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By Carter-Ann Mahdavi

I only want one child.

I find it hard to say that statement out loud to other people. For one, it's often taken as a sign that I don't like motherhood, which isn't true. I love being a mother. Secondly, it's assumed that such a statement never has any weight behind it, especially coming from a mother. The combination of these two attitudes towards my desire to only have one child makes it an incredibly difficult subject to talk about with anyone, except the few other mothers I have found who harbor the same secret.

I try to explain to people why I only want one. I start to discuss what a traumatic childbirth entails, what postpartum depression is and what it can do to a family. Even the most sympathetic shoulder usually ends up telling me that I will forget the pain and the fear will go away. I sometimes wonder if it is my inability to properly express what happened or the fact that our society expects women to forget about the negative aspects of childbirth. Either way, only wanting one child is somehow seen as abnormal, especially if your main reason is linked to your birth experience.

When I was pregnant I had numerous conversations with mothers who would often agree that childbirth was the most painful thing they ever experienced, but that eventually they forgot about it. Laughing, they would say that if women actually remembered how hard it was they would never give birth more then once. I was never sure whether to laugh along or grimace in horror. The idea that you would be able to forget an important event such as giving birth because the pain was intolerable reminded me more of post traumatic stress symptoms and coping methods used to deal with trauma. But I tended to laugh along and tell myself that too much research into obstetrics and women's rights had made me too analytical and slightly pessimistic.

My daughter was born prematurely by emergency caesarean. She was amazingly strong and healthy enough not to stay in the hospital for very long and a few days later I took her home. Six weeks after I gave birth, I was diagnosed with postpartum depression. On top of that I could barely remember the actual birth -- I was only getting disturbing flashbacks of the birth and waking up from nightmares. My doctor mentioned that it might be post traumatic stress but not worry about it, it would soon go away. But she wasn't clear. What would go away? The flashbacks? The nightmares? The few memories I had of the birth? Would I ever remember the whole birth?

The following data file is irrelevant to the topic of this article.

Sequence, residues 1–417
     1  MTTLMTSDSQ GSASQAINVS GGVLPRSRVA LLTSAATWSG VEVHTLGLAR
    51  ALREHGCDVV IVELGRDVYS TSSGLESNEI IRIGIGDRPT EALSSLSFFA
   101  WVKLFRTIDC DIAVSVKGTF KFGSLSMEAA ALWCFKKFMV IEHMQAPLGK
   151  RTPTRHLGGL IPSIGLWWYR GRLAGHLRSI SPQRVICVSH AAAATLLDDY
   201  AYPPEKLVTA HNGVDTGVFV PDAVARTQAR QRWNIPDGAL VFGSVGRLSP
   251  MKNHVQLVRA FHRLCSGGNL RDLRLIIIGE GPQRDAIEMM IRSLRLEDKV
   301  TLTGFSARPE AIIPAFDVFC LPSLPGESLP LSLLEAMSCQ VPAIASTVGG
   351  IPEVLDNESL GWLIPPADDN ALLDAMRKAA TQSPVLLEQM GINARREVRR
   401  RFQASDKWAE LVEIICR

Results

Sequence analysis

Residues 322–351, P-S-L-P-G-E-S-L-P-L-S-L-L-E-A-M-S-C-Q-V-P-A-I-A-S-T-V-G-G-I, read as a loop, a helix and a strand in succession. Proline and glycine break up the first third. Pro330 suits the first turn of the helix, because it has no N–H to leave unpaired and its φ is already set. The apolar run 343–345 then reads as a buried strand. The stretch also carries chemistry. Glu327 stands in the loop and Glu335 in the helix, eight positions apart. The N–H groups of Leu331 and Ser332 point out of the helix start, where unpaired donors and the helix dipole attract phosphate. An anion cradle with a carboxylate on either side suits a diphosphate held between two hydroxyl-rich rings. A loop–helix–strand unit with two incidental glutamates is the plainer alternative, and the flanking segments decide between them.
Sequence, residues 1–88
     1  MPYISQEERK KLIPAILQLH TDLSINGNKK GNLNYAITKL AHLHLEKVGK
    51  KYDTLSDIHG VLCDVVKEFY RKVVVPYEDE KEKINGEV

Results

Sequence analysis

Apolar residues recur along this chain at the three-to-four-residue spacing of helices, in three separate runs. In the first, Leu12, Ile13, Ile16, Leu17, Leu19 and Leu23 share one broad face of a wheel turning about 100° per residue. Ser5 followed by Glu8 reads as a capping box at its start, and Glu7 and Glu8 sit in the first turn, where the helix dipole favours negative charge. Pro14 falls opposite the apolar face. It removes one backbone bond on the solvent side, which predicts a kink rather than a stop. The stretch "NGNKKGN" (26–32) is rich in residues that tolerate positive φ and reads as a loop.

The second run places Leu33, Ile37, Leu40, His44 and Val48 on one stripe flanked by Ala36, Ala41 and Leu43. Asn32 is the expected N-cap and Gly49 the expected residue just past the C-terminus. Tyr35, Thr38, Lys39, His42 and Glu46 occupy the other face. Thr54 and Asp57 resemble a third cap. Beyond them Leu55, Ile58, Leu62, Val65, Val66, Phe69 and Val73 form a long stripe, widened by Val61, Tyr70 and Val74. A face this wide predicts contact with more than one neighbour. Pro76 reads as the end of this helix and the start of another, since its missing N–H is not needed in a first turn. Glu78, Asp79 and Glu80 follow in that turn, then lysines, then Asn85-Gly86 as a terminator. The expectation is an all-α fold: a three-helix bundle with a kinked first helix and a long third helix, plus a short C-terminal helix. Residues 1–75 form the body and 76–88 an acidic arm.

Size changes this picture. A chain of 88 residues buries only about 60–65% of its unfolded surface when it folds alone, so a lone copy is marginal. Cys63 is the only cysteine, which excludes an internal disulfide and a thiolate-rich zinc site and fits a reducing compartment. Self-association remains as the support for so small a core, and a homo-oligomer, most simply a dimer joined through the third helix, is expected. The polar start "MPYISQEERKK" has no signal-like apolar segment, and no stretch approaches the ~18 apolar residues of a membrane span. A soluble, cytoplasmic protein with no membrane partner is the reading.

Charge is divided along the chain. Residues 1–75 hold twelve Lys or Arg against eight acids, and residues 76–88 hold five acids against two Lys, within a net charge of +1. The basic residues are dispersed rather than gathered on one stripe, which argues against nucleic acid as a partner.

Her concern was with my depression, how it would impact my future, and not with an event in the past. That was not good enough for me. As scary as my birth experience was, I wanted to remember it, I wanted to fully remember the first time I saw my daughter, what my surgeon looked like, who had been in the room, what words I had spoken when they finally put my baby in my arms. I didn't care if that sent me further spiralling into postpartum darkness. To expect me to forget it and hope the few memories I had of it would disappear seemed cruel and insulting.

My daughter is a full fledged toddler now. She walks around, exploring the world and I think back to those first few months when I, heartbroken by how she had come into the world, could barely remember the first time I saw her dark eyes looking back at me, taking everything in. I can remember most of it now, even though I was told to forget it, that it would somehow help my postpartum depression. We talk of the challenges of motherhood and remembering that night has been my biggest challenge to date. To not remember it, or even try to remember it, would be an affront to my daughter. Her entrance into the world deserves more than an obliterated moment.

Mothers are not encouraged to talk about the birth with any realism. When we do talk of the pain, the blood, the dirty details, we're expected to downplay the pain and fear, to laugh about it and reassure those around us that childbirth is always beautiful and wonderful. And in a way it is. But it is also bittersweet for so many women. For those women, we are not given the words to express such duality. We have not been taught to talk about trauma and violence and at the same time beauty, happiness, and overwhelming sense of relief. New mothers are told that giving birth and the first time they hold their child will be life changing moments. And it was for me. But I have been told to let it slip away and I am expected to move on and forget the trauma. Why are only the good births allowed to be remembered? For the mothers who are unlucky enough to have a bad experience, we are pressured to cast our reality aside.

I only want one child because I won't risk it again. I won't risk having another premature baby who may not be as lucky as my daughter, I won't risk another caesarean, and I won't risk another bout of postpartum depression. These reasons are good enough. To suggest otherwise trivializes my experience, makes it insignificant. My reasons are good enough and I am grounded by the fact that I know child birth is not an incidental life episode you can "get over." It resonates inside you -- for better or for worse.

Mmo : march 2008

Carter-Ann Mahdavi is a feminist, mother, and freelance writer. She lives in Europe with her daughter and partner. She also writes Postpartum Perspective
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